Andrew continues ranting that everything he said about me in Rishikesh was an un-derstatement, that I don’t want to give anything, that I haven’t understood his teachings at all. He says with all my cleverness I’m making a mockery out of his teachings. “You have no idea what real love is all about. I feel you’re messing with me, Andre. You’re not taking me seriously.”
My heart is beating loudly in my chest. It physically hurts to hear him saying this. But at the same time I feel a strange detachment. I don’t feel any contact with him whatsoever. Doubt asks me, “So this is the man you fell in love with eleven years ago? This is the man who loves you unconditionally?” I don’t have the energy to answer Doubt anymore. Does this man love me? Or is he just furious with me because I’m an unreliable factor in his ma-chine? Because he can’t use me as he wants to? Does ‘care for the whole’ actually mean “care for Andrew’s community?” Does ‘Thy will be done’ mean “Andrew’s will be done?”
I listen to Andrew’s voice, getting ever more high-pitched, with resignation. I’m run-ning on empty. It’s like when Andrew yelled at me in Rishikesh, only ten times worse. Doubt continues, “Is this your enlightened spiritual teacher on the phone, or an emotional five-year-old throwing a temper tantrum?” I don’t know. At best it’s both.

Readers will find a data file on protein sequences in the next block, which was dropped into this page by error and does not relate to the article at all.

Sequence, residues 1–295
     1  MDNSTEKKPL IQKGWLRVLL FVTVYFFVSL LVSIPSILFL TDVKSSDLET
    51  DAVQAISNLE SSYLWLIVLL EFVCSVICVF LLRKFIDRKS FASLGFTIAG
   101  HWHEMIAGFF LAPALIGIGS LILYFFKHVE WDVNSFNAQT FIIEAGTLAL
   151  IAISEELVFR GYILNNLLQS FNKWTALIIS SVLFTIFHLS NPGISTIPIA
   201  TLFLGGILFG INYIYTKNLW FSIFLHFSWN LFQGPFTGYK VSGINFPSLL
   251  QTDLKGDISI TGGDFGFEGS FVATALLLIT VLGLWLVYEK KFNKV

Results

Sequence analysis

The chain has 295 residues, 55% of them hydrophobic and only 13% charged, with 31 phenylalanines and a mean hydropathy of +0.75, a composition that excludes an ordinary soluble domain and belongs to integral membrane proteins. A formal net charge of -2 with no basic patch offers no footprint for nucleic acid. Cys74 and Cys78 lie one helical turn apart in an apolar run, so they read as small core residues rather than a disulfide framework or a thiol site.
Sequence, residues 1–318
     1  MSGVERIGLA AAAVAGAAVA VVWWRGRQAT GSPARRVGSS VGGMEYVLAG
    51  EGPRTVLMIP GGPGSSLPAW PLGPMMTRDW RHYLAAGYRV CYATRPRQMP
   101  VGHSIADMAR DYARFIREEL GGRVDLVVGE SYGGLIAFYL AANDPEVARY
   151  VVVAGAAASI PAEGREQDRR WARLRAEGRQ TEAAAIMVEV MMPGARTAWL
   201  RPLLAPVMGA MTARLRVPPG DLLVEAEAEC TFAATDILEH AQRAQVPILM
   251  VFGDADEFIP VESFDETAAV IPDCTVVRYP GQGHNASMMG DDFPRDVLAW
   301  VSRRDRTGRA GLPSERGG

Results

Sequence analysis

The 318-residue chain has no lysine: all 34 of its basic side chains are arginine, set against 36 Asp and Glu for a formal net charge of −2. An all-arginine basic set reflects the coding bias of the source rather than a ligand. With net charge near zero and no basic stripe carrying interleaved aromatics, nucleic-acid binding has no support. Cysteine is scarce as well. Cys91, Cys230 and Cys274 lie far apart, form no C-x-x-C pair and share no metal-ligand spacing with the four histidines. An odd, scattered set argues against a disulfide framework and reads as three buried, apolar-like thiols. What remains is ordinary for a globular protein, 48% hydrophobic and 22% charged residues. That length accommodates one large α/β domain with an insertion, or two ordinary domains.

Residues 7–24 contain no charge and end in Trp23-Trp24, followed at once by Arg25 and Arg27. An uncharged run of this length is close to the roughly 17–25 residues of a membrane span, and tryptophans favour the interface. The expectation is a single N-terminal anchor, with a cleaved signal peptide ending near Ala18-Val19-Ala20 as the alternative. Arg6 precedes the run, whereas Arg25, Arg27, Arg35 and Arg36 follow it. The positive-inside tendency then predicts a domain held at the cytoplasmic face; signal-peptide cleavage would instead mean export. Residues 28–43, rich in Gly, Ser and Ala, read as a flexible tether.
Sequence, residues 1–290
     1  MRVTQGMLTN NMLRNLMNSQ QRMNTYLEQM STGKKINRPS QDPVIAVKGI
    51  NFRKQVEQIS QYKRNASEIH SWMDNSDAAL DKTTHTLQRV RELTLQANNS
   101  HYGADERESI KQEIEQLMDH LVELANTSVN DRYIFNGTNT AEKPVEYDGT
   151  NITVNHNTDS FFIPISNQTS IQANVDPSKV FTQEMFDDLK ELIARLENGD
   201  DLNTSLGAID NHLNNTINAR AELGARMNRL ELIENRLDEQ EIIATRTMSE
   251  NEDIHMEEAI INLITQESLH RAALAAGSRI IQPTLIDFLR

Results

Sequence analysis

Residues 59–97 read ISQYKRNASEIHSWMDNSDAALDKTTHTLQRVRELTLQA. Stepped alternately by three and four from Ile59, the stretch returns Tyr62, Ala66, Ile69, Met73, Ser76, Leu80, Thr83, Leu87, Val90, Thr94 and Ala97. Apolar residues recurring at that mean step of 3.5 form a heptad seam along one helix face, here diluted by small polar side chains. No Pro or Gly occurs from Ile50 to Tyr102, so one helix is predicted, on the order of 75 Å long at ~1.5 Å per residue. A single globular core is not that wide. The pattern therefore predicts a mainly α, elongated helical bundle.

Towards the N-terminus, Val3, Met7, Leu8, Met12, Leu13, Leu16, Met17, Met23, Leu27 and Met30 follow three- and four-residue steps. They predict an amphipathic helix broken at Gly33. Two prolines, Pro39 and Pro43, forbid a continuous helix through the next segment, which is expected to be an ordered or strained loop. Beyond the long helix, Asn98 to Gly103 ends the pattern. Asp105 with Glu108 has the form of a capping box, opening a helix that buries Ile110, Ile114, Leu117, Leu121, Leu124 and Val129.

“All right, Andre. I want to hear your answer now. What’s it going to be? Are you go-ing to go for it?”
Silence. I feel utterly paralyzed. What can I say to Andrew? I’m sorry and that I’ll do anything to better my life? Just like I said to Robert a few weeks ago? I can’t get it past my lips. Get furious with him and tell him he’s behaving like a little child? I’d like to do that but I still feel bound by a thin thread of loyalty, based on I don’t know what.
The silence extends three seconds, five seconds. I can feel Andrew getting angrier every second.
“Andre,” he explodes, “you’re not responding. You’re holding out on me. This is so aggressive what you’re doing. You’re totally in the grips of your megalomaniac ego.”
“Yes, Andrew,” I manage to bring out, still paralyzed.
“I can’t tolerate this, Andre. You’re jerking me around. No one has ever jerked me around like you have over the years.”
I don’t say anything. Then Andrew’s voice barks at me again, enunciating the words clearly.
“Andre,” he says menacingly, “you are evil!”
There’s a click and the telephone connection is broken. I stand with the receiver in my hands. I notice sweat is poring down my face. My t-shirt is soaked. Did I hear him cor-rectly? Did he actually call me “evil” just now? I slowly exhale, noticing that I have been holding my breath.
I know one thing very certainly now. The spell has been broken. These last three words have snapped the elastic of our relationship. I can’t believe that someone who calls me evil has the best intentions for me. There are certain human boundaries that must be respected. I feel angry, sad, relieved, determined. So this is it. This is the end of eleven years of my life. The fairy tale is over."

Some clips from Andrew Cohen's Being and Becoming retreat